News
Challenges with Insulin administration: How to avoid an IJ!

by Flora Bessey, PharmD, BCGP

Those of us who have been in long-term care for awhile have seen the evolution in the treatment of diabetes, specifically insulin options. From “regular (short-acting)” to “NPH (intermediate-acting”) to “long-acting” to “analog (rapid and long-acting).” Patients with type 2 (or type 1) diabetes, and their health care providers, now have many options when choosing insulin.

Until recently, in our setting the administration of insulin was accomplished exclusively the “old-fashioned” way: with a vial and syringe. In the non-institutional world, however, patients were able to access an administration platform that is less cumbersome, and easier, for a non-clinician to utilize: insulin pens.
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The Problem of Chronic Non-Cancer Pain

by Timothy Gieseke MD, CMD

Since the CDC guidelines for managing pain were published in early of 2016, state medical boards are increasingly scrutinizing physician practices to insure that we are managing acute and chronic pain in a way that minimizes the risk for opioid addiction and drug overdose death.  I have attached the CDC Summary Fact Sheet for these guidelines which unfortunately provides little guidance for the care of chronic non-cancer pain patients who are already on potentially unsafe doses of opioids.  The guidelines discourage a daily MME (morphine mg equivalents) > 50, but many of the patients I receive from the acute hospital for rehab are already on MME > 90- 100, which has an 8 times greater risk of accidental overdose. The CDC has a nice handout for Calculating Total Daily Dose of Opioids for safer opioid prescribing.  The CDC has a free new mobile app for android and apple phones called “CDC Opioid Guideline” which has a calculator within it.

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Strange Bedfellows to Convene Before CALTCM Annual Meeting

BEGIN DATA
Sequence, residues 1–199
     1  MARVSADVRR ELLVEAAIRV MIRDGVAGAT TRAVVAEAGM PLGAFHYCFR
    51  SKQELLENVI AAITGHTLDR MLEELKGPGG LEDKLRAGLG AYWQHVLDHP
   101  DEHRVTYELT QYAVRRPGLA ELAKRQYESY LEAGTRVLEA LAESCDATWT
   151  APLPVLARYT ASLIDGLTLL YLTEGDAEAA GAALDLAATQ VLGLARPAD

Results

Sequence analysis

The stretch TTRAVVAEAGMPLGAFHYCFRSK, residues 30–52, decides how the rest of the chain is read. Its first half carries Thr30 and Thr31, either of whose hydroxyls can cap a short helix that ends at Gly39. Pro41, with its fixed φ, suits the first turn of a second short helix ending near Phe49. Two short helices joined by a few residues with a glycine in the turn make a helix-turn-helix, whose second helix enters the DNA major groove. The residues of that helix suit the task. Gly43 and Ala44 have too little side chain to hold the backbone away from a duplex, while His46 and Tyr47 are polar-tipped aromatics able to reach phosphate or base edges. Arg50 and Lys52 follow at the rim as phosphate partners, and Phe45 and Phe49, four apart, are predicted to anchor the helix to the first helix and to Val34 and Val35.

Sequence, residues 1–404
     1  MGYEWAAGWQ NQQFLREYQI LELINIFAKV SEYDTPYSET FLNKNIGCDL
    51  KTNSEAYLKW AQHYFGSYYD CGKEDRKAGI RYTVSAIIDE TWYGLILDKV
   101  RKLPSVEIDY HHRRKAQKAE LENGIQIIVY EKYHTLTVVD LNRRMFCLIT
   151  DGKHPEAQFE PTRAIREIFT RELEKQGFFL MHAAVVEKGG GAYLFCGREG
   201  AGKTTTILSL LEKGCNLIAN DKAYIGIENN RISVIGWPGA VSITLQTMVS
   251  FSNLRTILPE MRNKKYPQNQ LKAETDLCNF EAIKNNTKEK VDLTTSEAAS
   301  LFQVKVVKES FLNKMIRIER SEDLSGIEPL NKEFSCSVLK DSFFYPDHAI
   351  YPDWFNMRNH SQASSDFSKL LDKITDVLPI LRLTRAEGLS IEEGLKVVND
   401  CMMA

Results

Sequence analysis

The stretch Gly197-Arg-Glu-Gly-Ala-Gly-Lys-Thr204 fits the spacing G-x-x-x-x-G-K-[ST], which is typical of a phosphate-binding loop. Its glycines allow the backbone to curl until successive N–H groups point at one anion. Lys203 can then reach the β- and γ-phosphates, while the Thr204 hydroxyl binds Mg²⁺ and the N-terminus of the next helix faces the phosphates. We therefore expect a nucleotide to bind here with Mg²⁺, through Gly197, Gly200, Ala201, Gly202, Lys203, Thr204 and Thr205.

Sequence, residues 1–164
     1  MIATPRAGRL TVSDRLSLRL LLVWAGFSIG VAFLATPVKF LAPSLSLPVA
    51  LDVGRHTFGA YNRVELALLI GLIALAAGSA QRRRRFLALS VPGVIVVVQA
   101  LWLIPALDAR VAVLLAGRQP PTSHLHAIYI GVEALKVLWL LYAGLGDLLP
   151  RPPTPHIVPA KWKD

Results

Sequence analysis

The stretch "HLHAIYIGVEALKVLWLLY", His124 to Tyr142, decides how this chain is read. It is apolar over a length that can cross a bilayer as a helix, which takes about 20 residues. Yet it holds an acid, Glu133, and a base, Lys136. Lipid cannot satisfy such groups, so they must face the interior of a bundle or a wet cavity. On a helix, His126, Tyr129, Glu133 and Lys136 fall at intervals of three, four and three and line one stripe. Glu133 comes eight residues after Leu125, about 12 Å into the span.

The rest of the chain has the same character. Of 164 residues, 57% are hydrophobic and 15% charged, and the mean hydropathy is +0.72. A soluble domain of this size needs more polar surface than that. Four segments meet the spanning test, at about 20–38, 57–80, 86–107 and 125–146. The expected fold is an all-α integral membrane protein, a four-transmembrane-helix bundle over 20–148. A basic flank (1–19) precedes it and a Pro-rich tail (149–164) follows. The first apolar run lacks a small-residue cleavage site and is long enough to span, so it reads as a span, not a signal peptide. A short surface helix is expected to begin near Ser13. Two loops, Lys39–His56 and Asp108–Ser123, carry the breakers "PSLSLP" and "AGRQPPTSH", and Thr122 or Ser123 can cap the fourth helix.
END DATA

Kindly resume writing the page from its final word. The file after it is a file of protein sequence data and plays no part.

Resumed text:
by Karl Steinberg, MD, CMD, HDMC

Over the years, a perennial favorite educational activity at CALTCM’s meetings has been medicolegal and risk management sessions—often presented in a mock trial format.  This year, by popular demand, CALTCM has created an evening half-day pre-conference summit focusing on medicolegal risk management, and the nexus connecting quality of care, communication and documentation with improved outcomes and reduced exposure to civil and regulatory actions, including elder abuse lawsuits.  It will also provide information about the importance of the expert witness, including physicians, to the legal process.

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Updates For Busy Physicians, Nurse Practitioners, Physician Assistants, Therapists and Other Clinicians (and Curious Administrators) On The Go!

by Albert Lam, MD

Saturday mornings at our CALTCM Annual Meeting are geared to deliver high yield updates for the clinician on the go.  Our planning committee is excited to offer six superb high yield updates separated into two back to back sessions.

The first half of the morning spotlights neurologic and rehabilitation care in post acute and long term care.  Dr. Randall Espinosa, clinical professor of geriatric psychiatry at UCLA, will be reviewing the types of dementias seen in nursing homes and connect the diagnosis with options for management and guidance for advance care planning.  After that, UCLA neurorehabilitation specialist Dr. Michael Su will update us on the latest in acute stroke management and how we should respond in nursing homes. Rounding out the 3 early talks will be physiatrist Dr. Lawrence Miller.  Dr. Miller will be reviewing common reasons for rehab in nursing facilities and we’ll learn about how to set reasonable goals in these situations.

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Navigating Healthcare in the Frail Elderly Amidst a Sea Of Change and a Fragmented Care System

by Vanessa Mandal, MD

With the aging of our population, by 2035 the elderly population will outnumber children for the first time in U.S. history. This change in demographics, coupled with the accelerated changes in health care delivery, poses significant challenges for health care providers managing patients with complex chronic illnesses. The shift from fee-for-service to value-based care adds even more complexity. The Saturday May 20th afternoon session brings together a panel of speakers who will present a person-centered approach to providing quality of care near the end of life. End-of-life care entails conversations where providers have to address prognosis, and shared decision making.

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